A quick year-end pop-quiz – which government department has had a 220% increase in its budget over the last decade, but has still managed to end this year mired in mismanagement, under-performance, violence and mayhem; requiring a multi-million dollar emergency cash injection to keep the whole catastrophe afloat?
Corrections, take a bow.
Of all the portfolios for which I am responsible, Corrections has been the ‘stand-out’ for me in 2015, for all the wrong reasons.
Years of tribal warfare between Labour and National, each determined to prove itself ‘tougher on crime’ than the other, has delivered us a legislative and judicial framework such that, while crime and offending is trending down, our imprisonment rates are reaching historic highs. Yes, there is something seriously wrong with that picture.
The National government’s ‘solution’ has been to introduce profit-seeking private management into the mix. This, we were told, would bring to the sector “… new ideas and international best practice… high standards of professionalism, safety, rehabilitation and security”. Oops.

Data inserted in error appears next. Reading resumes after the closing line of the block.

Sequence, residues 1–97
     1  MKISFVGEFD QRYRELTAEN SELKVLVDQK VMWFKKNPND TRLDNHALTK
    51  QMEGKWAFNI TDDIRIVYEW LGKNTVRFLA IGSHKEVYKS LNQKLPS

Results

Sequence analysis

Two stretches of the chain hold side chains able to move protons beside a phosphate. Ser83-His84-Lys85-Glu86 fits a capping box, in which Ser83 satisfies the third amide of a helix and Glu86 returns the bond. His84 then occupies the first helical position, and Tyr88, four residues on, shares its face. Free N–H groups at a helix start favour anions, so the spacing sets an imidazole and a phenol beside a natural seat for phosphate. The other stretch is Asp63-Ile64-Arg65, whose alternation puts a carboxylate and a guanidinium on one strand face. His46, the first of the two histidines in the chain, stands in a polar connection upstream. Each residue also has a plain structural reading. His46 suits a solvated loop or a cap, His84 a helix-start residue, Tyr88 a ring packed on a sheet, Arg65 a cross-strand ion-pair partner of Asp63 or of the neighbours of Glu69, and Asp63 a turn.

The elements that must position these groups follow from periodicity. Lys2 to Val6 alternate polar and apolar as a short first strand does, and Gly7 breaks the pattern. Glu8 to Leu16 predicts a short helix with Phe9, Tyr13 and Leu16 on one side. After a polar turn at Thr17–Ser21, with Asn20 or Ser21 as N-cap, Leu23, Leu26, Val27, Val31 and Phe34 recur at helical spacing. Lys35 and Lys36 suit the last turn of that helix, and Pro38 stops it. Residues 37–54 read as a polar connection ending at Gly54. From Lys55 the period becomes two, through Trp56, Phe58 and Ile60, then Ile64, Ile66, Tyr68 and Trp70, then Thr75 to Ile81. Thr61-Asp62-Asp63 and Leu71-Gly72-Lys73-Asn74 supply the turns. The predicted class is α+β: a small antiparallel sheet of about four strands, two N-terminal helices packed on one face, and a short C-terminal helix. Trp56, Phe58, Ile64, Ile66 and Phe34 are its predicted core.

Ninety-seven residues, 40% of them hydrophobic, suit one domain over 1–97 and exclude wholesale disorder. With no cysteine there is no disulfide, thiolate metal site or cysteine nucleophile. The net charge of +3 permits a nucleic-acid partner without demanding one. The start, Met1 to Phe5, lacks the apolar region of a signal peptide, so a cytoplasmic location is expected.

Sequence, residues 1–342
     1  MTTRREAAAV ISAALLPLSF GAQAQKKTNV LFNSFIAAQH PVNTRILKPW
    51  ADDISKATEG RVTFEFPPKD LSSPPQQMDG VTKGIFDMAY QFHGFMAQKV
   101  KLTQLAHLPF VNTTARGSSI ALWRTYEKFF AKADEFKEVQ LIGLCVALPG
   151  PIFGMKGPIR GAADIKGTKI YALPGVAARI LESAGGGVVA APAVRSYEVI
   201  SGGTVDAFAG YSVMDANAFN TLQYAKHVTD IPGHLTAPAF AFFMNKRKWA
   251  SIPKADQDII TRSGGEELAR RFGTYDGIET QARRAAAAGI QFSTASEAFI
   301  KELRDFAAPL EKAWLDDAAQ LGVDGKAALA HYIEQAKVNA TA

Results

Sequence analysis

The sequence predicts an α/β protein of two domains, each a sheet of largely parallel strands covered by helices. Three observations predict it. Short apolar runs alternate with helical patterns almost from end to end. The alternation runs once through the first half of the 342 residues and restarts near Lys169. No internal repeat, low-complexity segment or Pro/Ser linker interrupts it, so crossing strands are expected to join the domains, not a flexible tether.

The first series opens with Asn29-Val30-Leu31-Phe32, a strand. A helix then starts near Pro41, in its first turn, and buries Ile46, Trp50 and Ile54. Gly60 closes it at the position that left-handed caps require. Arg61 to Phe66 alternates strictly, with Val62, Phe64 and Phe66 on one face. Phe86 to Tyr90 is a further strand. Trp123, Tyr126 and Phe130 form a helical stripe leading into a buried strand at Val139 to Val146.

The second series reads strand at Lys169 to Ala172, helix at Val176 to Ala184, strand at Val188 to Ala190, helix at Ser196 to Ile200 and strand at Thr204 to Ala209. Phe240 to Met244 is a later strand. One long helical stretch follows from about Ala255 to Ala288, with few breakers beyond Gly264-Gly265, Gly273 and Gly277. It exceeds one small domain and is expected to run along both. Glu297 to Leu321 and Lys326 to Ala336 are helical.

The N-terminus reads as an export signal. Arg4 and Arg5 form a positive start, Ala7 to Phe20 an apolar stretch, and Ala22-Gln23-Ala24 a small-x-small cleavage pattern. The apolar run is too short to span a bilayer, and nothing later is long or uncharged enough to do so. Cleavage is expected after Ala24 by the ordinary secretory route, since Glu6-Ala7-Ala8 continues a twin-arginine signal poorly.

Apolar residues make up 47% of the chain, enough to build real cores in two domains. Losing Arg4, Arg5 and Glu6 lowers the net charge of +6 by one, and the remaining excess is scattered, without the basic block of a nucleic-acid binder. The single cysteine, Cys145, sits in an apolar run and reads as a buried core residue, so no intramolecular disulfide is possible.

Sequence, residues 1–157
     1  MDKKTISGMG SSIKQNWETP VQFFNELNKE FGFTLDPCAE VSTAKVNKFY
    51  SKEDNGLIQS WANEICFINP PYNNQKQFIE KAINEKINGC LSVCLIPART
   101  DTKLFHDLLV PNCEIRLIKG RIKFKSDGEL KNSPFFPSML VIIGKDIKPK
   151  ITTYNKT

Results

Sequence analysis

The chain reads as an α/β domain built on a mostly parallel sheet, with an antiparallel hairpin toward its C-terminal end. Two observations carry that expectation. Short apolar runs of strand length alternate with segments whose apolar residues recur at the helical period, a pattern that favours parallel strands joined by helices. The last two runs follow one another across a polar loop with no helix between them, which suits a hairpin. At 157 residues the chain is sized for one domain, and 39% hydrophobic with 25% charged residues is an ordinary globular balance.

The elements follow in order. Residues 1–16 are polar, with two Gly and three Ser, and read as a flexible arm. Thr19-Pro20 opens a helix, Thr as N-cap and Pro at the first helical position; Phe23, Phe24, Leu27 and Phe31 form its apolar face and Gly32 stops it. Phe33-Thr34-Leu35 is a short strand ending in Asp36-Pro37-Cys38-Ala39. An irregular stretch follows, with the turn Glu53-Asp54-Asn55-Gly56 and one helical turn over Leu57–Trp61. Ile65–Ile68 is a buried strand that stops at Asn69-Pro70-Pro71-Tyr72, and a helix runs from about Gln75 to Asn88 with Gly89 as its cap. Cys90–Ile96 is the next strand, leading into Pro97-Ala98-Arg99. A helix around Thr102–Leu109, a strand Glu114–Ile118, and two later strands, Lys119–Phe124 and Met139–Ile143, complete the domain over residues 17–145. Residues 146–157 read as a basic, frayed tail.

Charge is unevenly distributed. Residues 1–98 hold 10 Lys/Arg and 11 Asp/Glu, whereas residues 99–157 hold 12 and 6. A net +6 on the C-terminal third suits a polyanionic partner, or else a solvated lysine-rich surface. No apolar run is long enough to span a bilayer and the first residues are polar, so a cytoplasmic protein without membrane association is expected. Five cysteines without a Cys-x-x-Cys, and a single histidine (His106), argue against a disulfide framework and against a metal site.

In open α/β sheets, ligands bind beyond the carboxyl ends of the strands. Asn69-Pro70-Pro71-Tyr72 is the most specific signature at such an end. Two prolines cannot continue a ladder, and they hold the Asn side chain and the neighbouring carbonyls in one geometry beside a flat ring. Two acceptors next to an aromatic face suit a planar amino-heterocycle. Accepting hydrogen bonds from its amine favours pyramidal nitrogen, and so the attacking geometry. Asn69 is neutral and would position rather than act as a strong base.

I have entered the prisons and met with inmates who have had their basic rights to humane treatment denied them; whose well-being and indeed lives have been put at risk due to a lack of proper medical care; who have been assaulted and bullied; who have missed their chance at parole because the system could not deliver the programmes that the parole board required them to do as a pre-condition for release.
There are some dedicated, highly skilled and compassionate people employed within our prisons and related services, doing difficult and often dangerous work. But the system is badly broken, and the prevailing culture within it is an impediment to achieving better outcomes.
On a more positive note (in deference to the season), we are by no means bereft of ideas about how to do much better. The community sector with which I engage contains a wealth of experience and skills that could make a huge difference if they were given the opportunity to more actively participate and influence practice. Advocating for change in penal policy is not always the ‘sexiest’ or most popular political work, but change is needed urgently, and that motivates me to keep coming back for more!